5. Descriptive Analysis for Continuous Variables

5.1 Introduction

5.2 Special Considerations in Descriptive Analysis of Complex Sample Survey Data

5.2.1 Weighted Estimation

5.2.2 Design Effects for Descriptive Statistics

5.2.3 Matching the Method to the Variable Type

5.3 Simple Statistics for Univariate Continuous Distributions

5.3.1 Graphical Tools for Descriptive Analysis of Survey Data

5.3.2 Estimation of Population Totals

5.3.3 Means of Continuous, Binary, or Interval Scale Data

5.3.4 Standard Deviations of Continuous Variables

5.3.5 Estimation of Percentiles, Medians, and Measures of Inequality in Population Distributions for Continuous Variables

5.3.5.1 Estimation of Distribution Quantiles

5.3.5.2 Estimation of Measures of Inequality in Population Distributions

5.4 Bivariate Relationships between Two Continuous Variables

5.4.1 X–Y Scatter Plots

5.4.2 Product Moment Correlation Statistic (*r*)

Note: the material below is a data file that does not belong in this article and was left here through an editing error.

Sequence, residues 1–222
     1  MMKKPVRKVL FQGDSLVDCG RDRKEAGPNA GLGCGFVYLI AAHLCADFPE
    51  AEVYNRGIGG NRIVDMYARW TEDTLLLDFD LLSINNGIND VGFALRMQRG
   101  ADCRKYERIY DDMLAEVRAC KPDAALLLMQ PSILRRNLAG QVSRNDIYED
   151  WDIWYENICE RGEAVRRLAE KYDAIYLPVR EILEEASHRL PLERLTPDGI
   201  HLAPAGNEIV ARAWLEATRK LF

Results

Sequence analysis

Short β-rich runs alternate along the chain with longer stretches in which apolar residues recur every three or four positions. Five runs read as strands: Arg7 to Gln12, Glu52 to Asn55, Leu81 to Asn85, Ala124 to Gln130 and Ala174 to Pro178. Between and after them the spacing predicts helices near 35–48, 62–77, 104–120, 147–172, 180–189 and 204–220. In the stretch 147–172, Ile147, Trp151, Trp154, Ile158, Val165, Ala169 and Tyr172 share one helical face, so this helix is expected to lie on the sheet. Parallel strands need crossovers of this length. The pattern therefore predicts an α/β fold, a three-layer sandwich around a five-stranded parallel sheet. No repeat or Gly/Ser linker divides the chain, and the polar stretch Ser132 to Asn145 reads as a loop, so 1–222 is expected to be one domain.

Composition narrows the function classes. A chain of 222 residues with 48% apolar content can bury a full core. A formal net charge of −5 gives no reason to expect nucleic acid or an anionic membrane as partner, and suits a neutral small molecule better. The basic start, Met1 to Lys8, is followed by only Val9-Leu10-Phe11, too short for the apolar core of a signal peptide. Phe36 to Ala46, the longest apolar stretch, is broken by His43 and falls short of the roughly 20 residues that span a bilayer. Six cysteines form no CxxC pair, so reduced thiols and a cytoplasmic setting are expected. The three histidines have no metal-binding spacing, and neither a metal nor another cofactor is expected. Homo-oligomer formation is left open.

5.4.3 Ratios of Two Continuous Variables

5.5 Descriptive Statistics for Subpopulations

5.6 Linear Functions of Descriptive Estimates and Differences of Means

5.6.1 Differences of Means for Two Subpopulations

5.6.2 Comparing Means over Time

6. Categorical Data Analysis

6.1 Introduction

6.2 Framework for Analysis of Categorical Survey Data

6.2.1 Incorporating the Complex Design and Pseudo Maximum Likelihood

6.2.2 Proportions and Percentages

6.2.3 Crosstabulations, Contingency Tables, and Weighted Frequencies

6.3 Univariate Analysis of Categorical Data

6.3.1 Estimation of Proportions for Binary Variables

6.3.2 Estimation of Category Proportions for Multinomial Variables

6.3.3 Testing Hypotheses Concerning a Vector of Population Proportions

6.3.4 Graphical Display for a Single Categorical Variable

6.4 Bivariate Analysis of Categorical Data

6.4.1 Response and Factor Variables

6.4.2 Estimation of Total, Row, and Column Proportions for Two-Way Tables

6.4.3 Estimating and Testing Differences in Subpopulation Proportions